Anjan Sundaram is an award-winning journalist who has reported from Africa and the Middle East for the New York Times and the Associated Press. His writing has also appeared in Foreign Policy,Fortune, the International Herald Tribune, the Washington Post, the Los Angeles Times, the Telegraph, the Guardian, and the Huffington Post. He received a Reuters journalism award in 2006 for his environmental reporting on Pygmy tribes in Congo’s rainforest. He currently lives in Kigali, Rwanda, with his wife.
Stringer: A Reporter’s Year in the Congo is a haunting memoir of a dangerous and disorienting year of self-discovery in one of the world’s unhappiest countries. This chapter, excerpted by permission of Random House, describes Anjan’s unforgettable trip upriver, through savagely beautiful jungles, to an area where violent disputes frequently break out over reserves of valuable metal.
* * *
A sequence of wooden kiosks had been erected on the barge. Most were stuffed with supplies. A few were empty. The kiosks were near the center of the deck, where in a long pile running the barge’s length, goods were covered in thick nets. Around this pile were groups of people: passengers tending to their affairs. Some had come with food, others with rings of rope that tied together plastic canisters, called bidons. Boxes of imported whisky were guarded by vigilant agents wearing distribution company logos on their shirts. The goods traveled to be exchanged for rural produce: palm oil, roots, meat, banana wine and beer. A narrow corridor on the deck was not covered by cargo, and on this stretch of planks we walked. The wood was painted white, and led at the back to lavatories and quarters for the crew: huts that seemed little larger than pig cages. Sacks that crew members stepped over littered the doorways, and toothbrushes in metal cups lined window sills. Between the cabins were strung clotheslines from which identical overalls, torn in the same places—along the arms, over the chest, at the groin—flapped like pennants, dripping water in a pool that grew sideways with the gentle sway of the barge. Bobby and I were among the more privileged travelers: our quarters lay in a wooden kiosk. Its splintered planks gave us a roof but on the sides it was open to the world, and at night, the dark. Under this Bobby had set up our tent.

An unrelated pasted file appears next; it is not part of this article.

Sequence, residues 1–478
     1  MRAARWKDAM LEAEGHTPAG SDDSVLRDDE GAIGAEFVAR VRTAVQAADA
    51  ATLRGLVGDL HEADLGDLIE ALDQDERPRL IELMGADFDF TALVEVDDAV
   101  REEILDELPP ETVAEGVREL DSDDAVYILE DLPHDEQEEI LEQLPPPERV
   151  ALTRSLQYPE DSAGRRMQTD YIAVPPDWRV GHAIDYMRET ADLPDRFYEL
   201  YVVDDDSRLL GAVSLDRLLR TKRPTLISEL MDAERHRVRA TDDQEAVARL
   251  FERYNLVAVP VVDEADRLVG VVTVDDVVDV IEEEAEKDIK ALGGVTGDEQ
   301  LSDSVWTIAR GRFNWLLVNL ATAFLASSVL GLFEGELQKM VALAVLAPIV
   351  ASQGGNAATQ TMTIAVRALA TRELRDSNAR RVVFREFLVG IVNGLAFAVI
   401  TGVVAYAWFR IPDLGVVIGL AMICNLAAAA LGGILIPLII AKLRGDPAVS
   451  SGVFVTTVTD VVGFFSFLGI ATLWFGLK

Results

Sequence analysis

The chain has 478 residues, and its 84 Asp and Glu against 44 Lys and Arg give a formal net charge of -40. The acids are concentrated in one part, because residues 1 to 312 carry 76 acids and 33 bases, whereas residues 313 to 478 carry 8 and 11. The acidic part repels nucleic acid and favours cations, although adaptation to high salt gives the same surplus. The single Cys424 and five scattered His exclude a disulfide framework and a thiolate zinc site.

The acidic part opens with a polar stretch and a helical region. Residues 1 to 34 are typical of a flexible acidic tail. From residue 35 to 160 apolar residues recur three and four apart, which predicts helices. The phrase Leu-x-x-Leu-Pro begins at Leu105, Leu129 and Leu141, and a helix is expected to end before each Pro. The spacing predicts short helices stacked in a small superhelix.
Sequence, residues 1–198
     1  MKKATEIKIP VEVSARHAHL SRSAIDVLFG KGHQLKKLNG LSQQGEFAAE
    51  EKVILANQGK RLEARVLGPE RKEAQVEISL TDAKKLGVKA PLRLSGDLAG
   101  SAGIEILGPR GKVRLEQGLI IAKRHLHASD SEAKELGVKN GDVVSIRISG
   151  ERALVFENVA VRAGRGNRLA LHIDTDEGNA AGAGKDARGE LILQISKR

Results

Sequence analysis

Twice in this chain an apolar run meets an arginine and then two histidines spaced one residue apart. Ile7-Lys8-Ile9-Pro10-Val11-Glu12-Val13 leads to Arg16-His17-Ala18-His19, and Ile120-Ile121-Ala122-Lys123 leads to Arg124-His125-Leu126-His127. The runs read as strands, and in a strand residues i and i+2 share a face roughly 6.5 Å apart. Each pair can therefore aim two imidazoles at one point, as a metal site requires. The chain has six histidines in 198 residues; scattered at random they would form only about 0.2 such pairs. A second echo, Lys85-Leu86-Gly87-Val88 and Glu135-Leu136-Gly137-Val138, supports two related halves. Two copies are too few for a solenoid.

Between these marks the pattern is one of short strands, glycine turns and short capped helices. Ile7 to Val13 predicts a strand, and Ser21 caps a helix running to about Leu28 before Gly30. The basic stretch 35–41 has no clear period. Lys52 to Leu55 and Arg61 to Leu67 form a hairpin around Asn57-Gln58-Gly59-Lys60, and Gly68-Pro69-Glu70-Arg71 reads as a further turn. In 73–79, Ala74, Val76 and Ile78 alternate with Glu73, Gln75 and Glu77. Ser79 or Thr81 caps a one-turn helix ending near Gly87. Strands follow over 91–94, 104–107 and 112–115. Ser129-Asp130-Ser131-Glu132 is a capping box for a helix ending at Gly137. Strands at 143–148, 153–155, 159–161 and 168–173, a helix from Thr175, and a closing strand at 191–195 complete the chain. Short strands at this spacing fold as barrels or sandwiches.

The barge’s pipes were dry. Carrying my toothbrush I scoured the boat, trying the taps at the stern, near the crew quarters and even in the captain’s office. But they only squeaked. Eventually I moved to a side, where the barge sloped slightly, and I scooped from the river with a mug. The water was translucent; twigs and winged insects floated. Everything in the water looked old. Brushing my teeth, I stood at the barge’s rear end, watching the river, as a remarkable scene unfolded over the water and along its edge.
We were quite far from the city already, and the houses onshore had thinned, giving way to green and brown bamboo and patches of red earth. Along the water villagers soaped their bodies and scrubbed clothes. The trees moved by slowly. And from ahead of the barge rows of pirogues set off with heavy loads and strong-armed rowers pushing against the riverbank with oars. The long, black pirogues were carried downriver and alongside our vessel; and the men frantically rowed, now coming at us from all sides, from the far horizon of the river and along its length, shooting out of the jungle like arrows. The barge was soon surrounded and the crew gathered at the bow, watching anxiously. All at once the rowers flung thick black ropes, like snakes, from their pirogues. A bell was rung fiercely near the captain’s quarters and the crew poured out of their rooms. Ropes flew through the air in high arcs and lashed at the barge, wriggling on the deck, slipping away, falling into the water; they were flung again with more fury. The crew thrust forward, they pulled the ropes with venous arms; they screamed at the rowers. The pirogues fought the flow of the river, approaching and falling away. Our motor’s pitch heightened. The canoes were laden with heaps; they bobbed and rolled in the river, threatening to capsize in the swirling currents. The men heaved their oars and restored balance, rowing faster and more desperately until the pirogues drew closer, rose on a wave and dipped, and moved within our wake. Here the river was calmer. The crew tied the ropes to posts and the pirogues flowed steadily, without effort. The rowers drew their oars, dripping, out of the water; they breathed heavily. And by evening we tugged a collection of crafts like balloons wanting to drift away on the river.